By Marty Mulrooney
Dead Space: Catalyst by B.K. Evenson is a science fiction horror novel set within the Dead Space video game universe. Serving as a sequel to 2010’s Dead Space: Martyr (also written by Evenson), Dead Space: Catalyst is set 250 years in the future and centres around two brothers named Istvan and Jensi.
When he was young, Jensi Sato had no idea that anything was wrong with his brother. Istvan had always been the way he was – always a little off, obsessed with patterns and numbers, entranced by shifts in light, prone to sudden fits of rage or mental absence. Or he had changed so gradually that Jensi, around him every day, hadn’t noticed how different he had become.
In AMO’s review, Dead Space: Martyr was described as “a great tie-in novel that takes risks whilst remaining faithful to the Dead Space video games.” Catalyst builds upon the strong foundation established by the previous novel to offer further insight into the circumstances that eventually led to the events of the Dead Space series of video games.
Istvan and Jensi are two brothers who share very different personalities, growing up together under the poorest dome on Vinduaga. Jensi is a ‘normal’ person – that is, if normal can ever truly be defined – but Istvan is… different. He sees things that others cannot see and often finds patterns within the tapestry of the world, hidden messages in the seemingly mundane. He continually hears voices and has the most peculiar sensation that there is another reality – perhaps even a truer reality – overlapping this one.
There was his mother, lying sprawled on the floor, but that wasn’t important, she wasn’t important. She wasn’t part of the arrangement. She didn’t tell him anything about what was real. She was just in the way.
When their mother is transferred to a mental ward after nearly dying, Jensi is appointed a guardian to look after him but Istvan refuses to leave their old house. As Jensi grows older and starts to finally get used to a normal life, he often catches glimpses of his brother living rough, becoming more and more engulfed in a world that only he can see, retreating further into the delusions of his mind.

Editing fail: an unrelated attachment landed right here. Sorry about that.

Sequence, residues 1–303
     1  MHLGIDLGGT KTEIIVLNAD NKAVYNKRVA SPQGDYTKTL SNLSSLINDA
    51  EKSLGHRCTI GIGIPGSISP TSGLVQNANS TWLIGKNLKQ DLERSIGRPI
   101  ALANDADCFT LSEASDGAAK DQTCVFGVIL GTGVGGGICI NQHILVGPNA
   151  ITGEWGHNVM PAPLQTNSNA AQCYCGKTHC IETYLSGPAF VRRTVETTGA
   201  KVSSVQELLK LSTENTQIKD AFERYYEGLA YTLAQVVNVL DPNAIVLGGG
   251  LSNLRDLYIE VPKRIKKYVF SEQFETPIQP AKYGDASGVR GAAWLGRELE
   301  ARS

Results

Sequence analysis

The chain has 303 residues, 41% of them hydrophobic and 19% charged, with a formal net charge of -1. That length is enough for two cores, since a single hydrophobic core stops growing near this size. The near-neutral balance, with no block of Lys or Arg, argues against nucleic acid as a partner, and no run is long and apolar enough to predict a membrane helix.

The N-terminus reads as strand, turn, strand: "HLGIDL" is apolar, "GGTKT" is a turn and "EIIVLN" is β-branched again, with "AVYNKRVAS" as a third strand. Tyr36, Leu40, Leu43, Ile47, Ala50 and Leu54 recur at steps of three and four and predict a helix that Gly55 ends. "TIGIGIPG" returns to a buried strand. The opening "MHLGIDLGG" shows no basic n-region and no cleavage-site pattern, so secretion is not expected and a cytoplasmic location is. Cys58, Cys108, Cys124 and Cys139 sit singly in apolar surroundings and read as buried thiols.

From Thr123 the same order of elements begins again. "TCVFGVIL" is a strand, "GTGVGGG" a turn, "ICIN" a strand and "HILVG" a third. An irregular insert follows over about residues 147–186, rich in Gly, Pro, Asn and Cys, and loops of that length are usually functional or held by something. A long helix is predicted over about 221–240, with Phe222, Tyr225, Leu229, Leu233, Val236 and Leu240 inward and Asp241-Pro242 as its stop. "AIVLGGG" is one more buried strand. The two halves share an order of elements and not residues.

Istvan’s mental illness eventually culminates in him killing a politician – Jensi tries to intervene, but it’s too late. Istvan is arrested as a political prisoner and disappears. After being extensively tortured by ‘the gray man’, EarthGov sends him to Aspera, a seemingly unoccupied, uncolonised planet that houses a maximum-security prison and a secret research facility. The Black Marker – an ancient alien artifact discovered on earth eighty years earlier – is at the centre of this facility. It seems to be sending out signals that effect all of the prisoners at the nearby prison, and Istvan is effected most of all…
Running backward, he fired the pistol into its body, but it didn’t seem to have much effect. He fired into the head, burning a hole through the skull just above the eye, but the creature didn’t fall or even slow down. Holy shit, he thought, and began firing into its legs.
The main plot follows Jensi’s desperate search for his mentally ill brother, but there are also many other characters that populate the story. Scientists endanger humanity and EarthGov representatives are always lurking in the shadows pulling strings with dark intent. The brothers are well-developed characters – as is Jensi’s friend Henry – but the vast majority of the supporting characters are merely catalysts to move the plot along.
It’s an entertaining story, engaging and well-written, and is certainly the equal of the previous book. B.K. Evenson obviously has great respect for the franchise and that comes across in his writing. Those looking for a written version of the video games may come away feeling disappointed – the gore and blood-splattering action is held back until the very end. However, those who are keen to delve further into the backstory of the Dead Space universe will no doubt greatly enjoy Dead Space: Catalyst.
8 OUT OF 10